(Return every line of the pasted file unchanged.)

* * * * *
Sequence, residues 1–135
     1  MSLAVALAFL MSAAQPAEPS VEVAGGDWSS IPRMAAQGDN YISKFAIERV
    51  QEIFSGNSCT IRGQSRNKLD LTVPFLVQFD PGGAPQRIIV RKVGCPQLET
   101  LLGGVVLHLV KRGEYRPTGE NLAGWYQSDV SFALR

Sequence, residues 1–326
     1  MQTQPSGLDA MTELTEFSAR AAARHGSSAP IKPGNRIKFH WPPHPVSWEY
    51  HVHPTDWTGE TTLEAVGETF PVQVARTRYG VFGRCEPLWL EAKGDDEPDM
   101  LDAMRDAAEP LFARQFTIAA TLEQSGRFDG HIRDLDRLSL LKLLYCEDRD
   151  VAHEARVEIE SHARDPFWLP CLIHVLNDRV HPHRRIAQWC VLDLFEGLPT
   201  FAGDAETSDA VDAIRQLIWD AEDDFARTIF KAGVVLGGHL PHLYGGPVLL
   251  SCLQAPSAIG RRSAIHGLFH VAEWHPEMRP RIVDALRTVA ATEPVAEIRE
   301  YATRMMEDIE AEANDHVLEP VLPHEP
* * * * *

Sequence, residues 1–135
     1  MSLAVALAFL MSAAQPAEPS VEVAGGDWSS IPRMAAQGDN YISKFAIERV
    51  QEIFSGNSCT IRGQSRNKLD LTVPFLVQFD PGGAPQRIIV RKVGCPQLET
   101  LLGGVVLHLV KRGEYRPTGE NLAGWYQSDV SFALR

Sequence, residues 1–326
     1  MQTQPSGLDA MTELTEFSAR AAARHGSSAP IKPGNRIKFH WPPHPVSWEY
    51  HVHPTDWTGE TTLEAVGETF PVQVARTRYG VFGRCEPLWL EAKGDDEPDM
   101  LDAMRDAAEP LFARQFTIAA TLEQSGRFDG HIRDLDRLSL LKLLYCEDRD
   151  VAHEARVEIE SHARDPFWLP CLIHVLNDRV HPHRRIAQWC VLDLFEGLPT
   201  FAGDAETSDA VDAIRQLIWD AEDDFARTIF KAGVVLGGHL PHLYGGPVLL
   251  SCLQAPSAIG RRSAIHGLFH VAEWHPEMRP RIVDALRTVA ATEPVAEIRE
   301  YATRMMEDIE AEANDHVLEP VLPHEP